Prairie dogs are 'serial killers' that snuff out the competition
First we learn they talk about us, now we find they kill competing animals in a way not seen in other mammals; next, world domination?
Honestly, a planet ruled by prairie dogs might not be such a bad thing – at the very least it would be quite cute. I still think bacteria are in the front running for overlord status, but prairie dogs are proving to be remarkably crafty creatures.
A few years ago it was discovered that prairie dogs actually have one of the most sophisticated forms of vocal communication in the natural world, “really not so unlike our own,” wrote TreeHugger back in 2013:
According to Dr. Con Slobodchikoff … the chirps these animals use as 'alert calls' are actually word-like packages of information to share with the rest of the colony. Amazingly, these unique sounds were found to both identify specific threats by species, such as hawks and coyotes, and to point out descriptive information about their appearance. And, when they're talking about humans, that might not always be flattering.
"For example, a human alarm call not only contains information about the intruder being a human, but also contains information about the size, shape (thin or fat), and color of clothes the human is wearing," says Dr. Slobodchikoff.
OK, so they talk about us – that’s pretty amazing (and who can blame them?).
But meanwhile, out in the rough-and-tumble American West, things have gone even further. As it turns out, white-tailed prairie dogs have moved beyond idle gossip and gone into sinister mode. As Michael Greshko writes for National Geographic, according to a new study, “These social rodents, native to Colorado, Wyoming, Utah, and Montana, ruthlessly bite and thrash Wyoming ground squirrels to death, leaving their bloody bodies to rot.”
(Wyoming ground squirrel, pictured below. Run, little squirrel, run!)
Greshko characterizes the adorable butchers as “serial killers.” And likely that’s because this is the first time that a herbivorous mammal has been seen killing competitors without eating them, he writes, “suggesting that a plant-based diet doesn’t preclude mammals from having a taste for bloodsport.”
But as it turns out it’s likely more about ensuring the longevity of the species than it is about the thrill of blood and guts. The researchers of the study found that the offspring of the killer prairie dogs lived longer, healthier lives, and probably because their folks iced the competition.
“In my 43 years of research, this is perhaps the most provocative, puzzling, and far-reaching discovery I’ve ever made,” says study co-author John Hoogland of the University of Maryland Center of Environmental Sciences. “The results are just staggering.”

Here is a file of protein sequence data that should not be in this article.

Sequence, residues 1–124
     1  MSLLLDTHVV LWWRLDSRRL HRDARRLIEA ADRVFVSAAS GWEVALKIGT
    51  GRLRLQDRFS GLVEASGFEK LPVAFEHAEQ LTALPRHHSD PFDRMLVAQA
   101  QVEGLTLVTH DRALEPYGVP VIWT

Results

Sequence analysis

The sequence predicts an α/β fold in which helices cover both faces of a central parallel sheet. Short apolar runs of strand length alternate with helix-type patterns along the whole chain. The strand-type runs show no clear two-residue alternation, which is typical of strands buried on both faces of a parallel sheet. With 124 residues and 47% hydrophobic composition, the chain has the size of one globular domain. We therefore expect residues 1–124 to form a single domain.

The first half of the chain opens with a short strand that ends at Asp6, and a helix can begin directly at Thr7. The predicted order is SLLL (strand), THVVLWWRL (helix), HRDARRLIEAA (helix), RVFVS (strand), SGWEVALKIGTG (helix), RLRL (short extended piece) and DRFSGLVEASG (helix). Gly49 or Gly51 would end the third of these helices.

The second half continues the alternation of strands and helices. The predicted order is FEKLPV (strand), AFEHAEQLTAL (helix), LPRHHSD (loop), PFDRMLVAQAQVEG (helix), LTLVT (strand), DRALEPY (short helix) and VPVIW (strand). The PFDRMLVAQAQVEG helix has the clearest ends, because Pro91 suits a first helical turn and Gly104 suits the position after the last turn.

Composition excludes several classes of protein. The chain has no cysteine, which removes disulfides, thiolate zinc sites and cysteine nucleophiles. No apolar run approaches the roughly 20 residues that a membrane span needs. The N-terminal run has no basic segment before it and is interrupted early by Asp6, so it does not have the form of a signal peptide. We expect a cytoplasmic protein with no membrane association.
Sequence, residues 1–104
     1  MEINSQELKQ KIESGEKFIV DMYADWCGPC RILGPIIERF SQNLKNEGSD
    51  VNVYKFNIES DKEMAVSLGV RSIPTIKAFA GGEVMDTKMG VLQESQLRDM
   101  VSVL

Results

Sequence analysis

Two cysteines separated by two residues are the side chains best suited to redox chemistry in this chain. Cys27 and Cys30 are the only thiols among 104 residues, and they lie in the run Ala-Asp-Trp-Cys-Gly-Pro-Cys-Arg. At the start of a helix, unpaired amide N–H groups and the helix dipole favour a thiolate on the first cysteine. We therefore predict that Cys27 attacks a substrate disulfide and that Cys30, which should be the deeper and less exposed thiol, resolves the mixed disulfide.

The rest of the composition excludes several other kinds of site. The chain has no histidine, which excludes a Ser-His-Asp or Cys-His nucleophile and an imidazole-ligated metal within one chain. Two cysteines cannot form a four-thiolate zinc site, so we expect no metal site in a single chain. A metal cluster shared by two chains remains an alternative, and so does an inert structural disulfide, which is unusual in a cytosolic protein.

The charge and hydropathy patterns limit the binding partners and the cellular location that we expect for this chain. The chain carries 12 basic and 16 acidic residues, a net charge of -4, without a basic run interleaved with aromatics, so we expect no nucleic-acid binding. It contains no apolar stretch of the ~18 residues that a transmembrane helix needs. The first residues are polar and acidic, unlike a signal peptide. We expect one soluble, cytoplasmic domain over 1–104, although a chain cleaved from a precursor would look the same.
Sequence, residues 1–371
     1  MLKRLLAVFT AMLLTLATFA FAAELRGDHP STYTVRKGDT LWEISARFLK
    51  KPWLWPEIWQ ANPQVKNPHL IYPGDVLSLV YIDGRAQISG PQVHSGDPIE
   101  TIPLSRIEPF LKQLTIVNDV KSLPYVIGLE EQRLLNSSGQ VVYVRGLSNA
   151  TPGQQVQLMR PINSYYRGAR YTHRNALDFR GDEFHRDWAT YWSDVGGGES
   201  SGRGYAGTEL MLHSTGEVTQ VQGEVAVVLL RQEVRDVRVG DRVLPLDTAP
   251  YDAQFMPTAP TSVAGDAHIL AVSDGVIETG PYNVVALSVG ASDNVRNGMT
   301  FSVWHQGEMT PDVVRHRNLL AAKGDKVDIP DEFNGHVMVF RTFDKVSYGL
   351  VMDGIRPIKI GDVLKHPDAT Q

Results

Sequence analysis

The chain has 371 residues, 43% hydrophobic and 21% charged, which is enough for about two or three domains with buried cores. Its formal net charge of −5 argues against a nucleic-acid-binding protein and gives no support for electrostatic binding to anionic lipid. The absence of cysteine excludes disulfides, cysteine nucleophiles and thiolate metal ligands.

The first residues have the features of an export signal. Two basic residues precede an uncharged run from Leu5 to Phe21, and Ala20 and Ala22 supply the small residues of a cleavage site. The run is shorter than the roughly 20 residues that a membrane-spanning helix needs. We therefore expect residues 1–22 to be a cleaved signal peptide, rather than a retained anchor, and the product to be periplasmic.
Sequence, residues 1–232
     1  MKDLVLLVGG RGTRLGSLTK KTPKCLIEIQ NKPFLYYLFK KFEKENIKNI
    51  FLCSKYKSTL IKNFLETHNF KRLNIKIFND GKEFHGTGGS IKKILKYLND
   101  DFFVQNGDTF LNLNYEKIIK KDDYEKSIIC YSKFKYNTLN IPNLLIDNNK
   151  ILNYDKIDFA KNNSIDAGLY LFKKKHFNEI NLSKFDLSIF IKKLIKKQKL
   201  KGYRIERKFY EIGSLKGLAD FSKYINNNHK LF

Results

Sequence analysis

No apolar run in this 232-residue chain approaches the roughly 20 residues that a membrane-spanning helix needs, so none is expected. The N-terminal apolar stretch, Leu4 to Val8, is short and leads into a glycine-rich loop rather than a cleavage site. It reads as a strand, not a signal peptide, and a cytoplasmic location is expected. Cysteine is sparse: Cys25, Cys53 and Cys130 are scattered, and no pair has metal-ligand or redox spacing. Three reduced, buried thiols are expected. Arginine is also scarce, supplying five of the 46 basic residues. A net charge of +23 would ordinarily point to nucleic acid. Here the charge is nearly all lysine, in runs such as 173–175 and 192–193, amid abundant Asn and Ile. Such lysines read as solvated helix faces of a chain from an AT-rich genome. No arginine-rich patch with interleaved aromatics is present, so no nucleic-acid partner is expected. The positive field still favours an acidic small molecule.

Hoogland is a very dedicated authority on the creatures and tirelessly studied those from Colorado’s Arapaho National Wildlife Refuge from 2003 to 2012.
“For four months every year, we live like prairie dogs,” says Hoogland, a National Geographic grantee. “We get to the colony early in the morning before the prairie dogs wake up, we sit in towers all day watching what they do, and we stay until the last prairie dog submerges, just around sunset.”
In 2007 Hoogland first noticed a white-tailed prairie dog tossing around a young rodent. Greshko writes:
Initially, he suspected that it was killing another prairie dog’s pup, which is not surprising: Infanticide is common in other prairie dog species, though it has never been observed in white-tailed prairie dogs.
But once Hoogland examined the prairie dog’s victim up close, he realized that it was in fact a Wyoming ground squirrel, a species that eats the same grass and prickly pears as prairie dogs.
An lo and behold, over the next five years the researchers identified 47 killer prairie dogs – both male and female, and always adults. And in comparing survival rates of the killers’ kids, they found that killers' offspring had better survival odds than those of non-killers – and to everyone’s surprise, a prairie dog’s taste for killing was the only thing that predicted its offspring’s success.
“The condition of the female, her longevity – the factors that normally influence [success] – none of them apply to this case,” says study co-author Charles Brown of the University of Tulsa.
“It seems to me is that there are major, major benefits to killing these ground squirrels.”
It wouldn’t be the first time that competing for resources has led to aggression, but to kill without eating the victims is unique. The researchers note that the weight of the evidence points to the benefitting-the-kids motivation, but more research will have to be conducted to rule out the possibility that the killing spree isn't just from aggression brought on by limited resources.
"Regardless," writes Greshko, "the results suggest that for herbivores of all stripes – including white-tailed prairie dogs and ground squirrels – competition won't just bring hardship. For many, there will be blood."